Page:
Political philosophy

Philosophical study of government, addressing questions about the nature, scope, and legitimacy of public agents and institutions and the relationships between them.

Plato (left) and Aristotle (right), from a detail of The School of Athens, a fresco by Raphael. Plato's Republic and Aristotle's Politics secured the two Greek philosophers as two of the most influential political philosophers.
Portrait of Confucius, c. 1770
Eugène Delacroix's Liberty Leading the People (1830, Louvre), a painting created at a time when old and modern political philosophies came into violent conflict.
Political spectrum

However, in Western thought, it is generally supposed that it was a specific area peculiar merely to the great philosophers of Islam: al-Kindi (Alkindus), al-Farabi (Abunaser), İbn Sina (Avicenna), Ibn Bajjah (Avempace) and Ibn Rushd (Averroes).

Poetics (Aristotle)

Primarily concerned with drama, and the analysis of tragedy constitutes the core of the discussion.

Arabic translation of the Poetics by Abū Bishr Mattā.

Arabic scholars who published significant commentaries on Aristotle's Poetics included Avicenna, Al-Farabi and Averroes.


Space devoid of matter.

Torricelli's mercury barometer produced one of the first sustained vacuums in a laboratory.
The Crookes tube, used to discover and study cathode rays, was an evolution of the Geissler tube.
Structure of the magnetosphere - is not a perfect vacuum, but a tenuous plasma awash with charged particles, free elements such as hydrogen, helium and oxygen, electromagnetic fields.
A glass McLeod gauge, drained of mercury
Light bulbs contain a partial vacuum, usually backfilled with argon, which protects the tungsten filament
This shallow water well pump reduces atmospheric air pressure inside the pump chamber. Atmospheric pressure extends down into the well, and forces water up the pipe into the pump to balance the reduced pressure. Above-ground pump chambers are only effective to a depth of approximately 9 meters due to the water column weight balancing the atmospheric pressure.
Deep wells have the pump chamber down in the well close to the water surface, or in the water. A "sucker rod" extends from the handle down the center of the pipe deep into the well to operate the plunger. The pump handle acts as a heavy counterweight against both the sucker rod weight and the weight of the water column standing on the upper plunger up to ground level.
A cutaway view of a turbomolecular pump, a momentum transfer pump used to achieve high vacuum
This painting, An Experiment on a Bird in the Air Pump by Joseph Wright of Derby, 1768, depicts an experiment performed by Robert Boyle in 1660.

In the medieval Muslim world, the physicist and Islamic scholar Al-Farabi wrote a treatise rejecting the existence of the vacuum in the 10th century.

Music therapy

Allied health profession, " is the clinical and evidence-based use of music interventions to accomplish individualized goals within a therapeutic relationship by a credentialed professional who has completed an approved music therapy program."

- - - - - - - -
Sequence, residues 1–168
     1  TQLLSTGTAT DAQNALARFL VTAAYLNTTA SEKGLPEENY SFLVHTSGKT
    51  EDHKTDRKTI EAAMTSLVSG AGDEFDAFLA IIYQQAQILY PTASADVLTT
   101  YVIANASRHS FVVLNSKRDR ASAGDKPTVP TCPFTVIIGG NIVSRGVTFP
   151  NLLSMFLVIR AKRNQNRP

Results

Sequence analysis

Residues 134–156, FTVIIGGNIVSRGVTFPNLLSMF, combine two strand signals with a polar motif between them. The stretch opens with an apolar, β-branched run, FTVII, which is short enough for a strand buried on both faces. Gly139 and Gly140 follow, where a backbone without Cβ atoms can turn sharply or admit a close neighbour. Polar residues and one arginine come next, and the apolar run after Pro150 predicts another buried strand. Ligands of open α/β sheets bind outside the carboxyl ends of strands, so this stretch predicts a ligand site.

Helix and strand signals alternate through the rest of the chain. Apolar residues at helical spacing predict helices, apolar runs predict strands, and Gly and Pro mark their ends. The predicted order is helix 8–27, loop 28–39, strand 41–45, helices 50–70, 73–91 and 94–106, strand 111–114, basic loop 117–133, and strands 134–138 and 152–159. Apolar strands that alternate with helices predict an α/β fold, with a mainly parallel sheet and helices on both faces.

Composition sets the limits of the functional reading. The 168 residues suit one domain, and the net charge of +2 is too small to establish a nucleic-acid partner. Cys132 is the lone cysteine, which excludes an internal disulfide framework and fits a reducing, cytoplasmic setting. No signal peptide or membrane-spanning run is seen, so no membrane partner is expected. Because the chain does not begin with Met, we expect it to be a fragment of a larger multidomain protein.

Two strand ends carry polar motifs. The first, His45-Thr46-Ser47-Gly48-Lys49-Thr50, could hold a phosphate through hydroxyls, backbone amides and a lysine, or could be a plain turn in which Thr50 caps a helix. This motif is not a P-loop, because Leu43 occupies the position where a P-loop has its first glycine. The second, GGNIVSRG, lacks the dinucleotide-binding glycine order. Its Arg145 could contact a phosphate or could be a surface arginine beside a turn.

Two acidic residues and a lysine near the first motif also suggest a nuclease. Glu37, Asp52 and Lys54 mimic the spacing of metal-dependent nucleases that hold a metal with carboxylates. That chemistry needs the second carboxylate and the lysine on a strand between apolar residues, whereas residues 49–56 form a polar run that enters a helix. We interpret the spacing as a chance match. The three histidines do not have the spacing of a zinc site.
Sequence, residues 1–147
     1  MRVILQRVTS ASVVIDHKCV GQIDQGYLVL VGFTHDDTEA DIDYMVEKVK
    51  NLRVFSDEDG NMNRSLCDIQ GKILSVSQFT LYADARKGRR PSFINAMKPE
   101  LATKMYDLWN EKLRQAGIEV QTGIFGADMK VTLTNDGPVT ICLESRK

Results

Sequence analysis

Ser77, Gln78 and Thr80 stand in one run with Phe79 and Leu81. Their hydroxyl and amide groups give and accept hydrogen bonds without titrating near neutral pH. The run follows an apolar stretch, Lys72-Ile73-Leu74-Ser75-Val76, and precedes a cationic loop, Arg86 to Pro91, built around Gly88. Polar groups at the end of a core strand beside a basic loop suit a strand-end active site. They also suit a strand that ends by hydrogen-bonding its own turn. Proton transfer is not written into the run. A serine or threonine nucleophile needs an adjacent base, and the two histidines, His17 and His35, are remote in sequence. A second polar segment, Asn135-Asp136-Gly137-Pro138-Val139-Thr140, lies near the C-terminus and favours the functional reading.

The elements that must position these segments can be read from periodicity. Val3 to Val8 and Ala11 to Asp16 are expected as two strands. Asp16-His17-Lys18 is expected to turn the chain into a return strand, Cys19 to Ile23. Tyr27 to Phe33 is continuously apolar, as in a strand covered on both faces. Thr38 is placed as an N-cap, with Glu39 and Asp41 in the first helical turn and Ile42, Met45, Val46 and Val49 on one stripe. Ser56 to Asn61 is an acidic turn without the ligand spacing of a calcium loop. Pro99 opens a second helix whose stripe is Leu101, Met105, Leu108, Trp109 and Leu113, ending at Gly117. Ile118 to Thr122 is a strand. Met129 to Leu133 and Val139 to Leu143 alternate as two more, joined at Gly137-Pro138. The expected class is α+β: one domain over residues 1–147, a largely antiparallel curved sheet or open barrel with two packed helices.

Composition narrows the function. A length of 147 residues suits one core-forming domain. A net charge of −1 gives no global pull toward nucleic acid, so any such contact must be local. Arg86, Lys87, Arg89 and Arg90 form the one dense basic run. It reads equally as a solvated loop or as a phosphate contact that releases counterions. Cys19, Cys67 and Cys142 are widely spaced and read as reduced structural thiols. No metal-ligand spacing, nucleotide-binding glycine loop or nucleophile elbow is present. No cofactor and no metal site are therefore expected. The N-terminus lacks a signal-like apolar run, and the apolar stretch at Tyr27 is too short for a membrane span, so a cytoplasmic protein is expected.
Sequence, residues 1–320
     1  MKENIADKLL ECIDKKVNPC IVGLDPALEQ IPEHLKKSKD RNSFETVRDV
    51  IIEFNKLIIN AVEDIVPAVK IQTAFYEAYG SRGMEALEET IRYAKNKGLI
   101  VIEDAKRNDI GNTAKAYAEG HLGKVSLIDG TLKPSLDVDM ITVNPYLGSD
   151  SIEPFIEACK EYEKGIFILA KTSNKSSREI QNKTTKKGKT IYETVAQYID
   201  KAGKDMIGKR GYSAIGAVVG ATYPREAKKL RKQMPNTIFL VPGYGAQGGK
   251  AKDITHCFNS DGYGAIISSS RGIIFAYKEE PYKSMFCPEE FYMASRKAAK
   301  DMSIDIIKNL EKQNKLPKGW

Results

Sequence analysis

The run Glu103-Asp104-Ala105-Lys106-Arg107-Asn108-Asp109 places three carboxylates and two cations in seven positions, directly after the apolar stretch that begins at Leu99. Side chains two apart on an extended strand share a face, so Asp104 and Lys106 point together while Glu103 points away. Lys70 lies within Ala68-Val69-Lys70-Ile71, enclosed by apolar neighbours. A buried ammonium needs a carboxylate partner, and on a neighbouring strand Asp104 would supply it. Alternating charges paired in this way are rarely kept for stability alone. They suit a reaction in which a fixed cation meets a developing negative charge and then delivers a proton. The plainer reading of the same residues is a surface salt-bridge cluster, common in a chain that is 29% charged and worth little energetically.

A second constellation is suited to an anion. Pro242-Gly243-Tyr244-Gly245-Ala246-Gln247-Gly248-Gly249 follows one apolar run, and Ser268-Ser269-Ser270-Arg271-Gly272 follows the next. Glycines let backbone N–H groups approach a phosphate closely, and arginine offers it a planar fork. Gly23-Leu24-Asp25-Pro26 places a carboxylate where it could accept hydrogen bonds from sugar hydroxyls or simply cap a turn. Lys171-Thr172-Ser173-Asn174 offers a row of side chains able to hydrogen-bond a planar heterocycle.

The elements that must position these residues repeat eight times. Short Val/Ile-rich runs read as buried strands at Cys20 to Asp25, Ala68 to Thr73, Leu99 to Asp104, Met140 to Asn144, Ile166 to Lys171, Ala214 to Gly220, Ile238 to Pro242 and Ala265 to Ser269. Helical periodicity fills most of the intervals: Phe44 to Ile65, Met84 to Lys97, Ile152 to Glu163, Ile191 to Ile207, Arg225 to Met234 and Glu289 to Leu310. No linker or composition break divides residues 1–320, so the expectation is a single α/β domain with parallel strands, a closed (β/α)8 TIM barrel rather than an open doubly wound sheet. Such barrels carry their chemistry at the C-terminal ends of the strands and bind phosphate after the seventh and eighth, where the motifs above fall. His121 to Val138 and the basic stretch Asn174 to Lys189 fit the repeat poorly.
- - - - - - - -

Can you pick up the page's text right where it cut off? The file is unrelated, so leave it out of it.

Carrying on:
Power of Music by Louis Gallait. A brother and sister resting before an old tomb. The brother is attempting to comfort his sibling by playing the violin, and she has fallen into a deep sleep, "oblivious of all grief, mental and physical".

The Turco-Persian psychologist and music theorist al-Farabi (872–950), known as Alpharabius in Europe, dealt with music for healing in his treatise Meanings of the Intellect, in which he discussed the therapeutic effects of music on the soul.


Central Asian ghost town that was a city located along the Silk Road in Kazakhstan.

Otrar was the cultural center where Abu Nasr al-Farabi was born, and Aristan-Bab, an important representative of Islamic culture, preached here.



Statue of Ibn Rushd in Córdoba, Spain
Averroes in a 14th-century painting by Andrea di Bonaiuto
Averroes served various official positions in the Almohad Caliphate, whose territories are depicted in this map.
Imaginary debate between Averroes and third-century philosopher Porphyry. Monfredo de Monte Imperiali Liber de herbis, 14th century
An Arabic illustration of Aristotle teaching a student, c. 1220. Aristotle's works are the subject of extensive commentaries by Averroes.
Title page from a Latin edition of Colliget, Averroes's main work in medicine
The Long Commentary on Aristotle's On the Soul, French Manuscript, third quarter of the 13th century
6th-century Byzantine depiction of Galen (top centre) among other noted physicians
The Triumph of Saint Thomas Aquinas over Averroes by Benozzo Gozzoli, depicting Aquinas (top center), a major Averroes critic, "triumphing" over Averroes (bottom), depicted at the feet of Aquinas
Averroes, detail of the fresco The School of Athens by Raphael

Averroes was a strong proponent of Aristotelianism; he attempted to restore what he considered the original teachings of Aristotle and opposed the Neoplatonist tendencies of earlier Muslim thinkers, such as Al-Farabi and Avicenna.